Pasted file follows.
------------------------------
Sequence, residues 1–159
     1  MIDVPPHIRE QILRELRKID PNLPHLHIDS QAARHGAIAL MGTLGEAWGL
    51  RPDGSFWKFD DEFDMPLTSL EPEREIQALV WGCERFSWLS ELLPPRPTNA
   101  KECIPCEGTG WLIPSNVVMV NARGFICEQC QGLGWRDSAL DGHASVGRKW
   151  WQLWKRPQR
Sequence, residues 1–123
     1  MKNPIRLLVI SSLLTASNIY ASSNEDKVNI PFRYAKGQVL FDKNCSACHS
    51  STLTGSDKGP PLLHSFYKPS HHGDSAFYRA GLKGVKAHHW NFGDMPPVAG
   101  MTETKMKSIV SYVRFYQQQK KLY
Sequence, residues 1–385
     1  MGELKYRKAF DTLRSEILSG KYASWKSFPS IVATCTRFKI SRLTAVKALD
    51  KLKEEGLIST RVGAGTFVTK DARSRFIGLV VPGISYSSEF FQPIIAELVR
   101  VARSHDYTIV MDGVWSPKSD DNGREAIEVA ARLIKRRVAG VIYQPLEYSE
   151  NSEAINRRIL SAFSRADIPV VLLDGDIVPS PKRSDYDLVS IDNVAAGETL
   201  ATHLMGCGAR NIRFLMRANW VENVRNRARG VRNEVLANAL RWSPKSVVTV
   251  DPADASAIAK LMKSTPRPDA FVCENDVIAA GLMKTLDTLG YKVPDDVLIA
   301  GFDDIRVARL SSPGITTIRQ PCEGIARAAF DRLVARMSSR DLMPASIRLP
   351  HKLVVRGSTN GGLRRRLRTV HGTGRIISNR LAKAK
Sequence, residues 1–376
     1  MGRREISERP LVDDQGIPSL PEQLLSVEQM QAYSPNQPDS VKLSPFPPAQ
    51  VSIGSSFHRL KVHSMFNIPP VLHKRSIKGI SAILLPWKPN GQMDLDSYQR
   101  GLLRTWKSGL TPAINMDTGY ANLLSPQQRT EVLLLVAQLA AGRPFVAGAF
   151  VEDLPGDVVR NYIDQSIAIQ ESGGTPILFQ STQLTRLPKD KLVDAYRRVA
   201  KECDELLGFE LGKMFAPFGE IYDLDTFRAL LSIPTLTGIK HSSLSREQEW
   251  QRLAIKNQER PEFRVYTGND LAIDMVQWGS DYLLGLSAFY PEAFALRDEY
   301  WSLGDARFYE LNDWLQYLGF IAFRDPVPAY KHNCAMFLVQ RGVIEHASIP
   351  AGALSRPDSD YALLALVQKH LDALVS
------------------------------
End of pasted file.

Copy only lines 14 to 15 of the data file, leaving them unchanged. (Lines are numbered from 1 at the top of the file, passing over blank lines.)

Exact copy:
   151  NSEAINRRIL SAFSRADIPV VLLDGDIVPS PKRSDYDLVS IDNVAAGETL
   201  ATHLMGCGAR NIRFLMRANW VENVRNRARG VRNEVLANAL RWSPKSVVTV